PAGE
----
In this example, data packets d0-d3 are driven onto the system bus by a first processor as the driving agent (e.g., the central agent 120 or one of the processing units 125 a-c in FIG. 1), and received by a second processor as the receiving agent (e.g., the central agent 120 or one of the processing units 125 a-c in FIG. 1). The second processor then becomes a driving agent and drives data packets D0-D3 onto the system bus for the first processor or a third processor as the receiving agent (e.g., the central agent 120 or one of the processing units 125 a-c in FIG. 1).

During a data transfer operation, the driving agent pre-drives either the positive (P) strobe (stbP) or the negative (N) strobe (stbN) low to master the system bus. In an exemplary embodiment, the driving agent masters the system bus by driving the P-strobe low at 270° relative to the bus clock (as shown in circle 212). The driving agent then begins driving data (e.g., data packet d0) at 0° relative to the bus clock and continues driving data (e.g., data packets d1-d3) every 180° relative to the bus clock. The P and N-strobes are differentially driven at 90° and 270° relative to the bus clock. A differential crossing of the P and N-strobes indicates that data may be latched from the bus. Although four data packets (d0-d4) are shown in FIG. 2 for purposes of simplicity, it is noted that the driving agent may drive any number of data packets onto the system bus and commonly drives up to eight data packets during each data transfer operation.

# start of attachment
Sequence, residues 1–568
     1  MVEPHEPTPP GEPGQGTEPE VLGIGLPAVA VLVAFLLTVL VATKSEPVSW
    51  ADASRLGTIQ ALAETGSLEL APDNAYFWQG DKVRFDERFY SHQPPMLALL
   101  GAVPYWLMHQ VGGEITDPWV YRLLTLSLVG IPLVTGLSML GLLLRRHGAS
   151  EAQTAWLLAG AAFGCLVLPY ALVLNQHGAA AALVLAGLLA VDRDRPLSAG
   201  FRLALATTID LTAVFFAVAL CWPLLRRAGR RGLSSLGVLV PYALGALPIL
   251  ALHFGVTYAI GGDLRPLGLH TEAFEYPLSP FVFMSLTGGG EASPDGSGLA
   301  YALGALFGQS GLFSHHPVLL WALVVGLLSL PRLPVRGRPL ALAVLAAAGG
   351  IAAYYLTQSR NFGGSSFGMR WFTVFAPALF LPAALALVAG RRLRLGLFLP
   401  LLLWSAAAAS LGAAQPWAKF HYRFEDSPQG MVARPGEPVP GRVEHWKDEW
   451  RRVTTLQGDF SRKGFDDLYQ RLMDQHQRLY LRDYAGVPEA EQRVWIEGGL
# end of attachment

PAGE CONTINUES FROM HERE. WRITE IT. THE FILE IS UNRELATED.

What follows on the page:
After the driving agent has driven its data onto the system bus, the N-strobe is high and the P-strobe is low. In order to release the system bus (e.g., a bus handoff), the N-strobe is held high while the P-strobe is driven high at the 90° after the rising edge of the bus clock, at which time the data drive is completed. This post drive of the P-strobe returns both strobes to their idle state (as shown in circle 214) before another source synchronous data transfer may be initiated. In general, either the P-strobe or the N-strobe is post-driven high to signal completion of a source synchronous data transfer.